Tuesday, August 11, 2009

Ma elected KMT chairman

President Ma Ying-jeou has become the chairman of the Kuomintang (KMT, the Nationalist Party) for the next four years. After the uncontested July 26th election, Ma reiterated his determination to reform the ruling party and to work more closely with the Legislative Yuan to increase government efficiency.

Ma won with 285,354 votes out of 308,462 votes cast. The KMT has a registered membership of 534,739, which indicated a 58 percent turnout. This is Ma’s second term as KMT chairman, his first time was in 2005 when the KMT was the opposition party. In 2007, after being indicted for misappropriating expenses as Taipei's mayor, Ma stepped down and was succeeded by Wu Poh-hsiung. Ma was later acquitted of the charges.

Ma’s bid drew criticism from the opposition parties since one of his presidential campaign promises was that he would not seek to double as the KMT chairman. However, he justified his bid for the chairmanship by citing the need for further government streamlining in the face of the global financial slowdown.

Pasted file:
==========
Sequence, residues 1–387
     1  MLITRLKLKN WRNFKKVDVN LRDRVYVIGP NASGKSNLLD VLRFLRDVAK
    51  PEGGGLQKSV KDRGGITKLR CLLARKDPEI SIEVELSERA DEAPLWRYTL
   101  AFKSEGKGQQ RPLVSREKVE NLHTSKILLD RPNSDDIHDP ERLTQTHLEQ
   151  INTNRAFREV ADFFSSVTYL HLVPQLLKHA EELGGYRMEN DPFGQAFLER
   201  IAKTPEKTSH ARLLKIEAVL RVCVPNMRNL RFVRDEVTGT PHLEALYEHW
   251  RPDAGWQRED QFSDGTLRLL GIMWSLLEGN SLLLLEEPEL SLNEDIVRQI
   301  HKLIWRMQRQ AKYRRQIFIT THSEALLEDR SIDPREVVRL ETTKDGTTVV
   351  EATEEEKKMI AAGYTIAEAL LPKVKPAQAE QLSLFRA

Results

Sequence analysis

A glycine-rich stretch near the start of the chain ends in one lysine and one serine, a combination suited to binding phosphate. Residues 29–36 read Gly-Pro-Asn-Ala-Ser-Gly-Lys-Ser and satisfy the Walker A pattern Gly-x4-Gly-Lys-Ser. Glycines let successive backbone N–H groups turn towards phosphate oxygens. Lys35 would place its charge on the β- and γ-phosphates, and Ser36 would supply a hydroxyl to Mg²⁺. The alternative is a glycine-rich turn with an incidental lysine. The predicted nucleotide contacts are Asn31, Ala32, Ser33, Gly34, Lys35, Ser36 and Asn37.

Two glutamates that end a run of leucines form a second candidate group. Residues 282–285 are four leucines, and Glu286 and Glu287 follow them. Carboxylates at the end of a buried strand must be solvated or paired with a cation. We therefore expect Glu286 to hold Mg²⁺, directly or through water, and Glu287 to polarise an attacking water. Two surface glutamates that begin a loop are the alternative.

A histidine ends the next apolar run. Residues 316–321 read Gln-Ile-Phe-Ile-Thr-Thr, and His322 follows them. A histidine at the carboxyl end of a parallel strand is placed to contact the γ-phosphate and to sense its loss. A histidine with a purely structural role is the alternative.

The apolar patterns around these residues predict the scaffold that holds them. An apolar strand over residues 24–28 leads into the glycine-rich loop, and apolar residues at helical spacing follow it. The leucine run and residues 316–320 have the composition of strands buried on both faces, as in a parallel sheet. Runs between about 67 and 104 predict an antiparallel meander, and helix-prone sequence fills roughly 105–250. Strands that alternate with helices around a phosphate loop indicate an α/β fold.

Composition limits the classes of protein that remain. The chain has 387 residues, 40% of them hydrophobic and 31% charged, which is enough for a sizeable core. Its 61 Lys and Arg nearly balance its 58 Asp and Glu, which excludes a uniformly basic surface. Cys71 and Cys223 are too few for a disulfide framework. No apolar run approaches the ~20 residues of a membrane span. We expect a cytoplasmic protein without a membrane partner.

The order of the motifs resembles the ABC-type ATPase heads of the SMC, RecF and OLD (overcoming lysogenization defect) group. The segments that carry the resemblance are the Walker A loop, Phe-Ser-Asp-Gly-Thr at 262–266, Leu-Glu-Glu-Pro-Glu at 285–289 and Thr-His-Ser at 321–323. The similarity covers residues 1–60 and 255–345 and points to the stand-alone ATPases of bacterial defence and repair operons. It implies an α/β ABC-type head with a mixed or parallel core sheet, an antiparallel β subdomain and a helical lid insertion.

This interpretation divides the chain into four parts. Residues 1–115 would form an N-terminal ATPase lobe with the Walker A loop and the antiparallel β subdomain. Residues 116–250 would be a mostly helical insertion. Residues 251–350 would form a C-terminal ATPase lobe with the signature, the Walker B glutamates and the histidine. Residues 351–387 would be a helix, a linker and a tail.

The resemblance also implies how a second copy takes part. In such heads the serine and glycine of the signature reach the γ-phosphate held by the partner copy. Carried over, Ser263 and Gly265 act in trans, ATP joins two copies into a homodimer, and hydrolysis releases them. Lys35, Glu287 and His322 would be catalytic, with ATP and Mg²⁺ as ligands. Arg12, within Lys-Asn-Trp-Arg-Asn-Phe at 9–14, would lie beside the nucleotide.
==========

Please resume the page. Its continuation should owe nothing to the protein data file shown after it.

With Ma now serving as the president and KMT chairman, the Central News Agency reasoned he now has the clout to take full responsibility for Taiwan’s future - to bring peace to the Taiwan Strait and to transform Taiwan into a fully developed country ready to meet global challenges.

The KMT was founded in 1912 by Dr. Sun Yat-sen shortly after the revolution to overthrow China’s Ching Dynasty. The party can trace its roots to the Revive China Society, which was founded in 1895 in Hawaii. The KMT ruled China from 1912 until Chiang Kai-shek retreated to Taiwan in 1949 after the Chinese Civil War.

Taiwan’s opposition Democratic Progressive Party (DPP) Chairperson Tsai Ing-wen sent her congratulations to Ma on his appointment, but expressed concern over Taiwan’s democracy and the relations across the Taiwan Strait. Hu Jintao, the Chinese Communist Party general secretary, also sent his congratulations to Ma. Trying to allay fears, the Taipei Times reported that Ma said he is in no hurry to meet Hu, saying that the chairman need not attend every meeting between the parties. Even so, the United Daily News commented that as KMT chairman, Ma faces a difficult task in leading his party into December’s elections for magistrates and mayors.

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About Me

The Press Division of the Taipei Economic and Cultural Office (TECO) in San Francisco represents the Government Information Office (GIO), Executive Yuan, Republic of China (Taiwan). GIO maintains nine Press Divisions in the United States, including the San Francisco office. The Press Divisions are in charge of promoting Taiwan's public relations and cultural exchanges. This blog is updated by the Press Division, TECO in San Francisco.